Counter to the hopes that one initially pinned on it, the IRMCT from the first days of its existence took after the lopsided and politically biased ICTY. Anti-Serb “inclination” of investigations and a firm conviction that the Serb people had been responsible for the events of 1990s did not go anywhere.

It is not even about how many representatives of each ethnic group were convicted by the ICTY and the IRMCT. If we put the question like this, it would be an inexcusable oversimplification. The main questions here are: who was (or was not) convicted? What were they convicted of? What happened to the leaders on the both sides?

In this connection, PACE report on the atrocities committed by the Kosovo Liberation Army in 1998-2000 was a true revelation. The report was issued on 7 January of 2011 and exposed crimes against humanity, war crimes, systematic abductions and killings, as well as industrial-scale trafficking in body organs.

Surprisingly, neither the ICTY nor the IRMCT as its successor had any questions to those who were mentioned in the report. Witnesses gave testimonies about “black transplantology” and other ugly and inhumane activities by the leaders of Kosovo Albanians, yet the ICTY called none of them to account. It did not even start to investigate. This is about all you need to know about the impartiality and objectivity of the ICTY and IRMCT, and international criminal justice at large.

This sort of protection by the ICTY made the top tiers of an illegitimate territorial entity that had been illegally separated from Serbia feel completely infallible. Yesterday’s blood-stained bandits and criminals turned into respectable politicians reposing on the laurels of national heroes, giving interviews, shaking hands with European leaders, and, until recently, indulging in freedom and impunity.

Let me ask a question to our Western colleagues who love speculating about the victim-centered approach. What do you think the relatives of people who had been sold into slavery or for organ harvesting felt when they watched “European voyages” and “political tours” by Hashim Thaçi, Ramush Haradinaj and their accomplices? And how did fight against impunity fir into this scheme?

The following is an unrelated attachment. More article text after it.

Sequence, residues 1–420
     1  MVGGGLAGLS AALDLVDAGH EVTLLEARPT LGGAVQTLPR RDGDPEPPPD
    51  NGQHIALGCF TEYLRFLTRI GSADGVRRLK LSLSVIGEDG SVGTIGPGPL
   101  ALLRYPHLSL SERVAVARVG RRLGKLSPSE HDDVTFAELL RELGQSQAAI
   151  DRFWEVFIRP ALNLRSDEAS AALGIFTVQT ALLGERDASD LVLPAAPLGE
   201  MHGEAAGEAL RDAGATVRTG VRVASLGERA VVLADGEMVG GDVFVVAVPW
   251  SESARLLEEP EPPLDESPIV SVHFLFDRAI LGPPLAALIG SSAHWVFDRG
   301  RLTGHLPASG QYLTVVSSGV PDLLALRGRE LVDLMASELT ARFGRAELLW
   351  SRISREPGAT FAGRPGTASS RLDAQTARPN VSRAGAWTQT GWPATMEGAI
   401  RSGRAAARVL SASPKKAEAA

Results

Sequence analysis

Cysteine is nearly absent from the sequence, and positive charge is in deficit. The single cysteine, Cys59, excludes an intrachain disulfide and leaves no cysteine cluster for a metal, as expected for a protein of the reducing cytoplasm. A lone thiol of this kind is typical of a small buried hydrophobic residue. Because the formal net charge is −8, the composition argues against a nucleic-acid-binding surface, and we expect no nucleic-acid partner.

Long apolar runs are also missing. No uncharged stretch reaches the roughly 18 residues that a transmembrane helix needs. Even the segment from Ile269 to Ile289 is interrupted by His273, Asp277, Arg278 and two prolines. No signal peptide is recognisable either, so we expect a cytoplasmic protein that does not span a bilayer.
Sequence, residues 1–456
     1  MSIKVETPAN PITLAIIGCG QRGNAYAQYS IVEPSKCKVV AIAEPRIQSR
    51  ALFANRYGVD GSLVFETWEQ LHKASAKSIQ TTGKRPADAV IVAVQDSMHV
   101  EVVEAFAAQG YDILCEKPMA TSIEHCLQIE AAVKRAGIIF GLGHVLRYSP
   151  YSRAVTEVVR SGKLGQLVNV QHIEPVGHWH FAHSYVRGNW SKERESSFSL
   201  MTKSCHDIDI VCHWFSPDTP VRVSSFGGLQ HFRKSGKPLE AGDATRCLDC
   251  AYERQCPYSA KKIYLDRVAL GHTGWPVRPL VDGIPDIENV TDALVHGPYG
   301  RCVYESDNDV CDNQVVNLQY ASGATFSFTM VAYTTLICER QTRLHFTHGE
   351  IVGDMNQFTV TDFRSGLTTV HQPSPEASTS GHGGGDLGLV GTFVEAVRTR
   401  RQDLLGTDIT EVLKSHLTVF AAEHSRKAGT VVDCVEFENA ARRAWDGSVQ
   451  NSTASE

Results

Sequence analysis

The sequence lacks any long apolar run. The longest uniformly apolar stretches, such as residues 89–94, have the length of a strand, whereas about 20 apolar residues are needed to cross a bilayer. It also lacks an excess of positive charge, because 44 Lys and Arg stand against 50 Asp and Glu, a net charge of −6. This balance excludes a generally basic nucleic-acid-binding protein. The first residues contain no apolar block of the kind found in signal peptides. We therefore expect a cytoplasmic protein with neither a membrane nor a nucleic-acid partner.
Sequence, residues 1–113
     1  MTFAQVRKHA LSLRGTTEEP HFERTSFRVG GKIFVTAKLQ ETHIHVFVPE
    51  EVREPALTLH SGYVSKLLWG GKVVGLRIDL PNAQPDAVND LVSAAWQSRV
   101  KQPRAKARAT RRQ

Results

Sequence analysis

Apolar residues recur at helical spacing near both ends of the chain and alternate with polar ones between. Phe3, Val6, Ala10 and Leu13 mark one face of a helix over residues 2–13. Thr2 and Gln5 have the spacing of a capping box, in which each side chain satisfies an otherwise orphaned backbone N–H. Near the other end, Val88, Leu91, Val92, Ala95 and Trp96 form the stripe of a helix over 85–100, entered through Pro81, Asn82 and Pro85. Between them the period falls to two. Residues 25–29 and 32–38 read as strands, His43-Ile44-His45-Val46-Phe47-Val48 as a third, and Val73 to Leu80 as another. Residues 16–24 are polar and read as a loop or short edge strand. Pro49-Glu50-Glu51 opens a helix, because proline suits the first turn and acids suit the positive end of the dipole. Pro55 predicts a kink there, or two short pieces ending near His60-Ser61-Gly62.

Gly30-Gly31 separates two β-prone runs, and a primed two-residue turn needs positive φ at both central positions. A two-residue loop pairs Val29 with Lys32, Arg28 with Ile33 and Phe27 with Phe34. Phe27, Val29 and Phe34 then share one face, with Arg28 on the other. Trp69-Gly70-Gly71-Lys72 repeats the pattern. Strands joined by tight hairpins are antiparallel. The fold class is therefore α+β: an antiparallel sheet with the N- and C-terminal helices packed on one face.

The institution of Kosovo Specialist Chambers that was meant to investigate into Albanian atrocities does not lift the question why the ICTY had remained blind to such blatant crimes throughout the years of its existence. It should have raised charges against the perpetrators of most heinous crimes. Its policy of “selective blindness” is an indelible blemish of shame that will remain part of ICTY and IRMCT legacy forever.

As for the Kosovo Specialist Chambers, this initiative came too late to say the least. It should have been established some 20 years earlier. But even now, it does not hurry to pass verdicts.

Besides, its mandate was deliberately designed to include many loopholes that defense lawyers deftly made use of. For example, at this moment they are trying to have charges lifted for “criminal deeds committed before mid-1998 or after 10 June 1999 or committed at the territory of Albania.” Why so? Why should charges be lifted if those are charges for crimes committed on the territory of Albania? Who is interested in covering up Albanian tracks in the industry (that existed back in the times of the war in the Balkans) of abductions of Serbs and harvesting them for organs for subsequent sale to wealthy individuals in Europe and beyond?

I am done here, Mr.President.